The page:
I click on the trailer for the “Theory of Everything,” a movie about physicist Stephen Hawking, which seems like a relatively harmless video on YouTube. A yellow bar shows at the bottom of the screen. An advertisement. The black screen turns to a young woman standing at the cash register of a store, placing a pack of cigarettes and some money in between her and the cashier.
All is well until the cashier tells the woman that she doesn’t have enough money to pay for the cigarettes. Then, the girl’s fingers slowly rise to her face and she starts to peel off a large piece of skin from her cheek to give to the cashier, who watches this whole thing coldly.
My stomach turns, and I frantically look for the little box in the right hand corner of the screen giving you the option to skip the ad. However, I’m forced to sit through the remainder of the disgusting commercial until finally, I can watch the video I wanted too with a sick feeling in my stomach from what I was just forced to see.
Horrifying advertisements like these constantly bombard children and adults alike on several websites, including YouTube, Tumblr, Facebook, Hulu, and more. The sad thing is that the advertisement described above was not even one of the most nightmare-worthy commercials that I have seen regarding this topic. Anti-drug campaigns are using scare tactics to try and get people to stay away from drugs, a strategy which is proving to be very ineffective thus far.
One of the biggest misconceptions about why people choose to do drugs is that it is caused by the ignorance of the person to the inherent risks. Anti-drug campaigners use this belief to justify their idea that “the end justifies the means” and show whatever appalling stories they see fit. However, despite the fact that all different types of people are constantly being bombarded with horror stories about drugs, drug use in the United States is at an all time high. According to the Center for Disease Control and Prevention, deaths caused from the use of drugs is steadily increasing. For example, in 2001 heroin use caused about 2,000 deaths in the United States, while in 2013 the drug was responsible for 9,000 deaths.
The trends for most other drug-related deaths are very similar to that of heroin. Although this data was taken a few years ago, the number of deaths caused by substance abuse is steadily increasing. Therefore, something in the anti-drug campaign must not be going as planned.
According to the Foundation for a Drug Free World, the major reasons people choose to do drugs regularly include anxiety, depression, or stress, and they are tempted by things like marijuana, alcohol, or even harder drugs because they see it as a temporary relief.
A big mistake that is made much too often in anti-drug lectures is that they do not offer people an alternative. I feel like anti-drug arguments would be much more effective by simply saying, “Instead of doing drugs, which have negative impacts on your mind and body, you can meditate, do yoga, take naps, etc.” A message like this might be more effective because it both acknowledges the appeal of drugs and provides a safer alternative.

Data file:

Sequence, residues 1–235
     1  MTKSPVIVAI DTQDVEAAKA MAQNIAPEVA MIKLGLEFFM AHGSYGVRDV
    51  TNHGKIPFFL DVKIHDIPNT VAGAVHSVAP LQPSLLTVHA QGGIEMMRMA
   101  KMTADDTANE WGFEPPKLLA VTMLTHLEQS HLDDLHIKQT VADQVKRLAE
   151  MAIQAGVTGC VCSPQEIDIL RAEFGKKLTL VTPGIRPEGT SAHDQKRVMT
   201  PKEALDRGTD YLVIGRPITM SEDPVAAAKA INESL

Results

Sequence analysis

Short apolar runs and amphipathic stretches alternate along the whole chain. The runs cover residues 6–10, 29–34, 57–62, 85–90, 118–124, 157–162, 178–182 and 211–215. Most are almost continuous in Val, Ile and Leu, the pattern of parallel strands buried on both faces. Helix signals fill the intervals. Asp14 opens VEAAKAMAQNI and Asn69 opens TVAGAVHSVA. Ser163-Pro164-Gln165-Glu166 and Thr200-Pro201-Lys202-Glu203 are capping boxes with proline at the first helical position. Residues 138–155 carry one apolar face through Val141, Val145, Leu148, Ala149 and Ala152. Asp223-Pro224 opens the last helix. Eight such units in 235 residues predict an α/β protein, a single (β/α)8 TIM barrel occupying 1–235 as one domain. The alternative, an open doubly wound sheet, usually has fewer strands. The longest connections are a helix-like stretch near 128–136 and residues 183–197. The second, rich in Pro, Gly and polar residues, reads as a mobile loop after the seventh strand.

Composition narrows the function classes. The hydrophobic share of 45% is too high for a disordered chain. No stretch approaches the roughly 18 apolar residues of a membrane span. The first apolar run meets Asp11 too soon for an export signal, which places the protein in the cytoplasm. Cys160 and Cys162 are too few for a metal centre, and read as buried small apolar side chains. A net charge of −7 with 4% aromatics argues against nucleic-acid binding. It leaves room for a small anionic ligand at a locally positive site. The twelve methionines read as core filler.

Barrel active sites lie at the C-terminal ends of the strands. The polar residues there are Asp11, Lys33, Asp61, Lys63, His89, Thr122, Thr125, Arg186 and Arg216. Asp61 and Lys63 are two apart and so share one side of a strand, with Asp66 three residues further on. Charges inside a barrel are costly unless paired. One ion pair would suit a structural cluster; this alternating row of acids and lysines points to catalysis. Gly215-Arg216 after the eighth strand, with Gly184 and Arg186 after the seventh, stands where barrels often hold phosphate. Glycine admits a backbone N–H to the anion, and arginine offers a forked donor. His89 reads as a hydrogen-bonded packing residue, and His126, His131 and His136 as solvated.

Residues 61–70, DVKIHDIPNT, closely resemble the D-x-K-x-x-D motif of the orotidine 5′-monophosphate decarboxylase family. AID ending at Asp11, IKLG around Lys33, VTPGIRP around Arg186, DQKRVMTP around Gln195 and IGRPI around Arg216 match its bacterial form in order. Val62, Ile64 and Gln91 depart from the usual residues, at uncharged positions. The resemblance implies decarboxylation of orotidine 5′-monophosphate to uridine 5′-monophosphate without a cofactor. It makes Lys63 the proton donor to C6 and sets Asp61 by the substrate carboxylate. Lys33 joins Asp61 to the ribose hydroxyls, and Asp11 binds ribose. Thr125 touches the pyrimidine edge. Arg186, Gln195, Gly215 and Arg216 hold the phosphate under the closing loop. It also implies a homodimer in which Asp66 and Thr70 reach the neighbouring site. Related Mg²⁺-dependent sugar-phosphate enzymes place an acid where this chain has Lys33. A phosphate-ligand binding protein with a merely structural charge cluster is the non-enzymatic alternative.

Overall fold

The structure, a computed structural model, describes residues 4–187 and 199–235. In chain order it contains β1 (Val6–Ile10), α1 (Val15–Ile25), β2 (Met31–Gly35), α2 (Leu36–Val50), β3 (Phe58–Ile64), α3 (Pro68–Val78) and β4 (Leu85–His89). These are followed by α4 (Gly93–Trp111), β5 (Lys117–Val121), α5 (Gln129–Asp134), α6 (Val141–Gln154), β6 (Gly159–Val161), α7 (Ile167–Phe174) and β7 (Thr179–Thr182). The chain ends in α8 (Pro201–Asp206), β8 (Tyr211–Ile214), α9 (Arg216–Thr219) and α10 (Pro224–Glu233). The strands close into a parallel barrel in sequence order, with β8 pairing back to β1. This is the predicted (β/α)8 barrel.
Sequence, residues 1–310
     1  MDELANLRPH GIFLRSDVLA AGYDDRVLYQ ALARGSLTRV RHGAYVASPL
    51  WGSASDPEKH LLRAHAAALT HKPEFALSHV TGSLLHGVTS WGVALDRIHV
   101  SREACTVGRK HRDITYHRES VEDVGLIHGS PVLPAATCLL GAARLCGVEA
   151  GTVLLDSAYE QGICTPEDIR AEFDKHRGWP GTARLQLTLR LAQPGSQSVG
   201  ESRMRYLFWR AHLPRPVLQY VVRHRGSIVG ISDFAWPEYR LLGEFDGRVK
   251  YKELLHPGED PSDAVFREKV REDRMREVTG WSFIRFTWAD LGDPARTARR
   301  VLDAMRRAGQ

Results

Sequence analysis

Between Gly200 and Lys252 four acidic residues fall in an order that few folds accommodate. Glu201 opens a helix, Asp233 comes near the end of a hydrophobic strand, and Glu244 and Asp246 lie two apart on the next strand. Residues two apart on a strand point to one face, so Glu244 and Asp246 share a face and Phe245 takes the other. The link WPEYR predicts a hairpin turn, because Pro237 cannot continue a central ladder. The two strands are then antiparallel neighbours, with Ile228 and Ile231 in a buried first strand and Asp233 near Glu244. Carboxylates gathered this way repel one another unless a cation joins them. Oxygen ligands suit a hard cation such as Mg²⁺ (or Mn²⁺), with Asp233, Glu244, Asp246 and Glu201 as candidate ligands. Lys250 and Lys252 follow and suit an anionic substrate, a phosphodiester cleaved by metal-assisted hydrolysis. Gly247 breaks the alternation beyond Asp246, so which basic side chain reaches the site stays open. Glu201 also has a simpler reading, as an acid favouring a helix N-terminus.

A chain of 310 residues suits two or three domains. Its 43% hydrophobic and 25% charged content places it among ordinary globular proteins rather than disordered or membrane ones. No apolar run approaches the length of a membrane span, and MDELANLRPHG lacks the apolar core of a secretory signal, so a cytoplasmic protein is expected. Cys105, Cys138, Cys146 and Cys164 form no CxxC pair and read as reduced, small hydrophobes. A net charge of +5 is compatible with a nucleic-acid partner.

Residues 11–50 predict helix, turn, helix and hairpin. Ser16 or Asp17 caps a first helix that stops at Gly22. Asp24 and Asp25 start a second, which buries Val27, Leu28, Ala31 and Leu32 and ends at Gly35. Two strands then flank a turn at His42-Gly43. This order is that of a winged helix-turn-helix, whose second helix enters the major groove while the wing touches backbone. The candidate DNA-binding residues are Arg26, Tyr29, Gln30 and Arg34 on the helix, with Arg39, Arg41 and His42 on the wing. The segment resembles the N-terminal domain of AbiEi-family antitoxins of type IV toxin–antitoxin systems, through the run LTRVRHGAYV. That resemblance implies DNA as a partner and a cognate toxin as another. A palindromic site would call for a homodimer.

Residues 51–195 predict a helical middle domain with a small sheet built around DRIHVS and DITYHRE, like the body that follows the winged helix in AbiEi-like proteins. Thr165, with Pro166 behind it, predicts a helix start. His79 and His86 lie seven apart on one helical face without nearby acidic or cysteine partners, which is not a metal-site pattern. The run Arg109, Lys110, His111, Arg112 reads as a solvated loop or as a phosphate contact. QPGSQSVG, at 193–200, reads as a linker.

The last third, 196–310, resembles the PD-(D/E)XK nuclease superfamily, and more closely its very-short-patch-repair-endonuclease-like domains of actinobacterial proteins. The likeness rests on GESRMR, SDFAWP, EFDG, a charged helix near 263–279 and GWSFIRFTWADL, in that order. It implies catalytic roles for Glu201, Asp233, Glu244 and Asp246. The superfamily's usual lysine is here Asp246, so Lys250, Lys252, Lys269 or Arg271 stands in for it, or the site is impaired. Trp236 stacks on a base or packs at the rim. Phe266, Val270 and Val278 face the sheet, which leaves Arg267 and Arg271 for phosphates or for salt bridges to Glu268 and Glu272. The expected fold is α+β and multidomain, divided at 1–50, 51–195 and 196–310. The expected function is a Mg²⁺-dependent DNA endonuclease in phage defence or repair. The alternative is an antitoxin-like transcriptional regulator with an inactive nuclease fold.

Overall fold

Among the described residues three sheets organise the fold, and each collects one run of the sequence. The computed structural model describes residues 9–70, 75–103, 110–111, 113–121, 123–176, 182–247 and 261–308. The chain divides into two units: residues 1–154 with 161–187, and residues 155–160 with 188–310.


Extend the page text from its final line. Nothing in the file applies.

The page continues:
Not only that, but by showing horrifying images like people ripping their own teeth out to pay for cigarettes or cutting themselves during a bad meth trip just stresses people out even more, which adds much more to the problem than it solves. There is no research that shows the advertisements are causing more people to turn to substance abuse, but based on the disturbing images they are showing, I can’t imagine that it is helping.
Another common persuasion technique used by anti-drug companies is to show the extreme cases of abusing a certain type of drug. While bad things do happen as a result of drugs, such as car accidents, and cancer, the majority of the results constantly shown to students are so extreme that we doubt whether or not they are actually true.
By the same token, anti-drug lectures often only show the bad sides of drugs, while many types of medications have benefits when used for the correct reasons. Marijuana is often used for cancer patients as a painkiller, as is morphine. Coca leaves, which are used to make cocaine, are an effective remedy for altitude sickness in South American countries, and drinking a glass of red wine with dinner can help reduce cholesterol and blood clotting. I’m not trying to say that drugs should be used because of these benefits, but by listing both the pros and cons of different substances and showing how the drawbacks overshadow them, it makes an argument against them much stronger.
I appreciate what anti-drug campaigners are trying to do, and I sincerely hope that their efforts are effective in persuading people to not abuse drugs. However, I don’t think that the way to do it is showing horrible stories that make people feel sick to their stomach. Stopping drug abuse is a positive goal, so it should be advertised in a more positive way.